Almost 74 million women and 64 million men voted in the 2016 presidential election, according to data crunched by the Center for American Women and Politics. Celeste Katz, Glamour, "Voters Don't Come Out for Midterm Elections. But That Could Change This Year.," 30 Oct. 2018 After the numbers were crunched, the actual highest score was 67.6 and the lowest was 32.9. Heather Leighton, Houston Chronicle, "Texas cities among the best, worst places for a fresh start in America, according to study," 25 Feb. 2018 And calculators and mental math are no longer necessary; the brands have taken the liberty of crunching the numbers for you. Jesa Marie Calaor, Allure, "9 Beauty Products Supporting 2018's Breast Cancer Awareness Month (and How Much They're Donating)," 11 Oct. 2018 And while the old Neural Engine could crunch through 600 billion operations per second, the new version can handle 5 trillion operations per second. James Vincent, The Verge, "Apple announces new A12 Bionic chip with upgraded CPU, GPU, and Neural Engine," 12 Sep. 2018 More on Michigan football: Either way, Mason enters another year as one of Jim Harbaugh's personal favorites for his performance in the weight room and willingness to crunch anything that moves on the football field. Nick Baumgardner, Detroit Free Press, "Michigan football: FB Ben Mason ready to play LB too if needed," 11 June 2018 In future tech firms will develop more specialised hardware that will help companies crunch enormous data piles more quickly. The Economist, "AI providers will increasingly compete with management consultancies," 28 Mar. 2018 But district leaders will have to crunch the numbers from the state budget, which provides about 60 percent of CMS' operating budget, and whatever county commissioners approve next week before deciding exactly how to spend money in 2018-19. Ann Doss Helms, charlotteobserver, "County officials want to give CMS teachers a raise. Can they really do that?," 14 June 2018 Anduril is also staffed by former executives from the secretive data-crunching company Palantir, which has done for government industries in the past and raised red flags about intrusive surveillance. Shoshana Wodinsky, The Verge, "Palmer Luckey’s border control tech has already caught dozens of people," 11 June 2018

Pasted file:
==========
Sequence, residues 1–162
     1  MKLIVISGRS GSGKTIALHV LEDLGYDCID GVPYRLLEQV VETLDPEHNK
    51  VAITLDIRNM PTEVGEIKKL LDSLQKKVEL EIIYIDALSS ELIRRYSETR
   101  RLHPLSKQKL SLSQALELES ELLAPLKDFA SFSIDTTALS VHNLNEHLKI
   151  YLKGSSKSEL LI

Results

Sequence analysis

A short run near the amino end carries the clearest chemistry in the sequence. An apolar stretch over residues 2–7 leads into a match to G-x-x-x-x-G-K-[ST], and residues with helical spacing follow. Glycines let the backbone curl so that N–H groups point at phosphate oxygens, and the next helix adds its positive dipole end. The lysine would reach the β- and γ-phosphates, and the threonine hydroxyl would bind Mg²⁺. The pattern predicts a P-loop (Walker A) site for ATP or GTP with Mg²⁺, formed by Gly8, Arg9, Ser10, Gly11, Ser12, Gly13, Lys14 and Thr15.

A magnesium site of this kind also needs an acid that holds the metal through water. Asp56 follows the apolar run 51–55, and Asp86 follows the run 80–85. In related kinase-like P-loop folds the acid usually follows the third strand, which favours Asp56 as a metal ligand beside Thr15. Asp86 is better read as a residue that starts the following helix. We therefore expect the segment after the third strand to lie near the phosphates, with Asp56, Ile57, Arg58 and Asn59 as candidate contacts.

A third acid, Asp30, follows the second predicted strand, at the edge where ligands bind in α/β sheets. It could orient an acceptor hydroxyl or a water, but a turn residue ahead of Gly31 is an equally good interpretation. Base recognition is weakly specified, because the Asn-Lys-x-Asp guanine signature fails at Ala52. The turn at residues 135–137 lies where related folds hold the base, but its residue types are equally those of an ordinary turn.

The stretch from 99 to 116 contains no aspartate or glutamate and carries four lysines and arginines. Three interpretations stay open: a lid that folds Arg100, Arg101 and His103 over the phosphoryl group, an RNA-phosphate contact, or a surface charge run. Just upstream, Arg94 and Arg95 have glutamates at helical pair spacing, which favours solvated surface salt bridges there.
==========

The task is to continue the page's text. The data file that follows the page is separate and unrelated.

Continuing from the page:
Recent Examples on the Web: Noun